Grace-Marie Turner, president of the Galen Institute, a non-profit research organization focused on health policy, said she would welcome efforts by the states to go out on their own to provide for increased competition by health insurance companies.
She cited a study by the American Enterprise Institute that found that if individuals were allowed to purchase health policies in nearby states, up to 12 million more people would have health insurance at no cost to the government.
“It would be a great idea if there was true competition,” Turner said. “It’s not easy, but you can make it work. You don’t have to go to the lowest common denominator.”
States could ensure there were protections for residents while still allowing them to make their own choices for coverage without a mandate from the federal government, she said.
“I would love to see states do this, to take the initiative,” Turner said. “If states can do an end run around ObamaCare, then more power to them.”
Not everyone agrees that providing for such competition would actually lower health care costs, however.
The National Association of Insurance Commissioners, in a document called, “Interstate Health Insurance Sales: Myth vs. Reality,” said the real result would be lower premiums only for the healthy. Everyone else “would face steep premium hikes if they can find coverage at all.”
The association also disputes the suggestion that mandated benefits are the cause of more expensive health insurance coverage.
“Mandated benefits add, at most, 5 percent to the cost of a policy,” the association said. “Interstate sales would allow some insurers to cherry-pick the best customers by avoiding consumer protections that require them to cover individuals with preexisting conditions and limit their ability to charge higher prices for older, sicker customers.”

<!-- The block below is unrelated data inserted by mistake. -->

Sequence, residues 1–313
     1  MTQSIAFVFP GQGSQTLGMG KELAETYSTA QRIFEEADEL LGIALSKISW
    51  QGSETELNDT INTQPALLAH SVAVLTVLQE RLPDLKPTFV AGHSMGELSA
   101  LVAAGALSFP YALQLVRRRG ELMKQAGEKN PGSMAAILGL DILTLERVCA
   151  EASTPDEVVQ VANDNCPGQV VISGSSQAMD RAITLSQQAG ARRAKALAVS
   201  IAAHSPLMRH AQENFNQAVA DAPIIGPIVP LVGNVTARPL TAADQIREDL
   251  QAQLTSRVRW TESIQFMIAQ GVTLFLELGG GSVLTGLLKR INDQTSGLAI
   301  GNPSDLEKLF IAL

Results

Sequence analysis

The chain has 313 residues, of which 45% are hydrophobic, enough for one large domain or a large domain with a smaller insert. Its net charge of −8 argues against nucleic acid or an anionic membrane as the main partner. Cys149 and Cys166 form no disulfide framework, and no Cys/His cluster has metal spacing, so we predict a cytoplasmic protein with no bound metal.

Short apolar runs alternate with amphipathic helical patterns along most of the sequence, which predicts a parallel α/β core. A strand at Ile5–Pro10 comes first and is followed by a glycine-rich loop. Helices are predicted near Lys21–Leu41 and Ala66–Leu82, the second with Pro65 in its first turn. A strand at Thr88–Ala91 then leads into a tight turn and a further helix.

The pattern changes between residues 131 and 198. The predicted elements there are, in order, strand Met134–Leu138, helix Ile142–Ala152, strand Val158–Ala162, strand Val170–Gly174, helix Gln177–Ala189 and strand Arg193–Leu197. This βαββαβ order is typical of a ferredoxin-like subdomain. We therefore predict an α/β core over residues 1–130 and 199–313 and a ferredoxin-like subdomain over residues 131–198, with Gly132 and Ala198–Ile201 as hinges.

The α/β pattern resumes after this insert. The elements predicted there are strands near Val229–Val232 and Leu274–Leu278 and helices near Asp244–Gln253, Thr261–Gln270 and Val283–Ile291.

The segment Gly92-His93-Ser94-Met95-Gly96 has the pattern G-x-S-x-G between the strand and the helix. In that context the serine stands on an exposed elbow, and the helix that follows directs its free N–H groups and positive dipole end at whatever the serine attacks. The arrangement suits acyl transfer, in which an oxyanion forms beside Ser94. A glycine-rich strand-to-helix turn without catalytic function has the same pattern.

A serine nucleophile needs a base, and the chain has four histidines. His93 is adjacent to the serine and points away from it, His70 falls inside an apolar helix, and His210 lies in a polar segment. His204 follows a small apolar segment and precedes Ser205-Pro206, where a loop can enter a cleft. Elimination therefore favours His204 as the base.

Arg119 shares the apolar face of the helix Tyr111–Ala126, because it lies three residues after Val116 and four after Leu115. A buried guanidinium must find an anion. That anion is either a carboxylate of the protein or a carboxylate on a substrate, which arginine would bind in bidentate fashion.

In states with robust consumer protections, insurers could reap huge profits by skirting these rules, the association said.
UnitedHealthcare of Nevada, one of the largest health insurance providers in the state with approximately 691,000 members, including those covered under Medicaid and Medicare through state and federal government contracts, had no comment on the concept. The company is a licensed insurer at some level in every state, and is one of the largest health plans in the country.
The Georgia proposal, pushed by Gov. Sonny Perdue, has passed the House and is awaiting action in the Senate.
“This legislation will open up the individual insurance market and allows consumers to find the plan that best fits their needs,” Perdue said in a statement issued in February.
Janine Hansen, an Independent American Party candidate for Assembly District 33 in Elko, said the Nevada Legislature first needs to challenge the new federal health care law when it convenes next February as other state legislatures have already done. Then lawmakers need to have a discussion about how to lower the cost of health insurance, she said.
One idea is to create tax-free health savings accounts that individuals can pay into and then use the money for their health care needs in combination with a catastrophic-type policy, she said.
As to interstate health insurance purchases, Hansen said competition is usually a driving force in lowering costs, although she said she would have to learn more about the concept.
“Exploring ideas like competition is exactly what we need to do,” she said.